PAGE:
a) The just ordering of society and the State is a central responsibility of politics. As Augustine once said, a State which is not governed according to justice would be just a bunch of thieves: “Remota itaque iustitia quid sunt regna nisi magna latrocinia?“. Fundamental to Christianity is the distinction between what belongs to Caesar and what belongs to God (cf. Mt 22:21), in other words, the distinction between Church and State, or, as the Second Vatican Council puts it, the autonomy of the temporal sphere. The State may not impose religion, yet it must guarantee religious freedom and harmony between the followers of different religions. For her part, the Church, as the social expression of Christian faith, has a proper independence and is structured on the basis of her faith as a community which the State must recognize. The two spheres are distinct, yet always interrelated.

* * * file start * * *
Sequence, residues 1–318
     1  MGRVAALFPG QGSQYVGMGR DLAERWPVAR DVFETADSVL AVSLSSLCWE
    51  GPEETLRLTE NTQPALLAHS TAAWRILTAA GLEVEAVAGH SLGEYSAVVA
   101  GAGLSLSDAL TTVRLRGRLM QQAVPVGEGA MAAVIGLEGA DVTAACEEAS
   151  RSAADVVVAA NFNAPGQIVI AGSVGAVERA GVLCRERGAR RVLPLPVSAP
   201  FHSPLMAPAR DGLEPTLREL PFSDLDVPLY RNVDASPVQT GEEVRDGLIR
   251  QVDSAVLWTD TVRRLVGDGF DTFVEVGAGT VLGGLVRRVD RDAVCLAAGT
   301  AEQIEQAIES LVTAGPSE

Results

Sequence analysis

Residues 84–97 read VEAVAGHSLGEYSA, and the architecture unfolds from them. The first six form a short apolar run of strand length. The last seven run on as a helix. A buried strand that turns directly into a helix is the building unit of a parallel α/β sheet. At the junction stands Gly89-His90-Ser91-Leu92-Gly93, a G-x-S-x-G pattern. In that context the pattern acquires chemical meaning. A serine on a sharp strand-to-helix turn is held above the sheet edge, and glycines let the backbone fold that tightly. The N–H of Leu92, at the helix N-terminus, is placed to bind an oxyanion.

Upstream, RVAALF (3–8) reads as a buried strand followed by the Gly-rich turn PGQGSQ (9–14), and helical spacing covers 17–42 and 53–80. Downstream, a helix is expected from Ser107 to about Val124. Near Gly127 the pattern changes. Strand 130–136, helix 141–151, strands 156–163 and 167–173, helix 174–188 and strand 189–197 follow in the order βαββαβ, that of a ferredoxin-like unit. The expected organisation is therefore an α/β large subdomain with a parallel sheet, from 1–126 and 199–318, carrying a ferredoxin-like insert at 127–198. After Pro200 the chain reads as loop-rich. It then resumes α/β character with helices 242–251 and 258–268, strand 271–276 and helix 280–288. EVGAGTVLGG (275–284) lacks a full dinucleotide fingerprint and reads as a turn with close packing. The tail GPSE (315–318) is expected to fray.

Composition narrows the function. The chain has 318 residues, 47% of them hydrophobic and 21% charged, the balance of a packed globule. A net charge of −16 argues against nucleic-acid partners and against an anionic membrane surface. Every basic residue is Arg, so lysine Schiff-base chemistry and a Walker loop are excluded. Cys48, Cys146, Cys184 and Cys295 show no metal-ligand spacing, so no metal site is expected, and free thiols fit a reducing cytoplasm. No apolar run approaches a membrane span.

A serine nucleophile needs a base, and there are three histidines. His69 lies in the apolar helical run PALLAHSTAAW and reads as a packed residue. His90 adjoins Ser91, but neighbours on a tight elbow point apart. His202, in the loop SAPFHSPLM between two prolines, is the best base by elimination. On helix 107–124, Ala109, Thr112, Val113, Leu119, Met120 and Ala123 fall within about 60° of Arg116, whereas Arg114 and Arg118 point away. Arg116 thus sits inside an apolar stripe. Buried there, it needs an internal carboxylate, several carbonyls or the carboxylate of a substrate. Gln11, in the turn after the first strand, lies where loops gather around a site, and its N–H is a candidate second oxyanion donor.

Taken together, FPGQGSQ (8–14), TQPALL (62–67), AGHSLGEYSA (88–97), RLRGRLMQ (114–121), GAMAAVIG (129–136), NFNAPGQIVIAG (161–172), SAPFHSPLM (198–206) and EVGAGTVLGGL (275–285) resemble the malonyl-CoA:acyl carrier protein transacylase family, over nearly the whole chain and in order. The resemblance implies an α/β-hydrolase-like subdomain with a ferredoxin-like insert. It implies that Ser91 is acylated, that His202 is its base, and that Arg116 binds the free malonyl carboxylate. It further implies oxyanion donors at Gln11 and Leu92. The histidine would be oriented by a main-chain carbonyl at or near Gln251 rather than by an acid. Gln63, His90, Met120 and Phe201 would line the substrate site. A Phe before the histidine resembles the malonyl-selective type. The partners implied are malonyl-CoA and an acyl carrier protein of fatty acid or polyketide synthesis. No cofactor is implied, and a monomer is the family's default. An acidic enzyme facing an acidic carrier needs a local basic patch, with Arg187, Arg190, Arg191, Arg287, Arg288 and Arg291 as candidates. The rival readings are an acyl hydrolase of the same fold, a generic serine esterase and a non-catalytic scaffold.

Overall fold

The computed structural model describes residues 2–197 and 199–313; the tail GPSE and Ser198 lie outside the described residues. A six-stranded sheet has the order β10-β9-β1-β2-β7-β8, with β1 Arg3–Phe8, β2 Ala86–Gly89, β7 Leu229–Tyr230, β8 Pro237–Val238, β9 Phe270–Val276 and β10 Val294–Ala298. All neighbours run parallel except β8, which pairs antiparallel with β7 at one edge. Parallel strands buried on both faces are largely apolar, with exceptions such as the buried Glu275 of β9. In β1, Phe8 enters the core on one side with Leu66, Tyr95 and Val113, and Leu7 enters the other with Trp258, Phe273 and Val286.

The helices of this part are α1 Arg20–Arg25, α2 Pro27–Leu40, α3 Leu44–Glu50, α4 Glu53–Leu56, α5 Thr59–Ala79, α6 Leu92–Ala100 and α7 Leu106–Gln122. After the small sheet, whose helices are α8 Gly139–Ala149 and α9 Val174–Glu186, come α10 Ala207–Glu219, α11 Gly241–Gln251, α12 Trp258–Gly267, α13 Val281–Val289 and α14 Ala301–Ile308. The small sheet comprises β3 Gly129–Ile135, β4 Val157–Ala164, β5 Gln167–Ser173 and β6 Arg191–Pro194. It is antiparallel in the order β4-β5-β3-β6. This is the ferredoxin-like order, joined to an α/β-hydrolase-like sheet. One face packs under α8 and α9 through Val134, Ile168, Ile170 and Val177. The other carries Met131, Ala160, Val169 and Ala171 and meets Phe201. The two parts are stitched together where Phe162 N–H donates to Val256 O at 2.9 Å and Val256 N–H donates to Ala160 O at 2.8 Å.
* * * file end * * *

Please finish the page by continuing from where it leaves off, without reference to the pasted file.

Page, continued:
Justice is both the aim and the intrinsic criterion of all politics. Politics is more than a mere mechanism for defining the rules of public life: its origin and its goal are found in justice, which by its very nature has to do with ethics. The State must inevitably face the question of how justice can be achieved here and now. But this presupposes an even more radical question: what is justice? The problem is one of practical reason; but if reason is to be exercised properly, it must undergo constant purification, since it can never be completely free of the danger of a certain ethical blindness caused by the dazzling effect of power and special interests.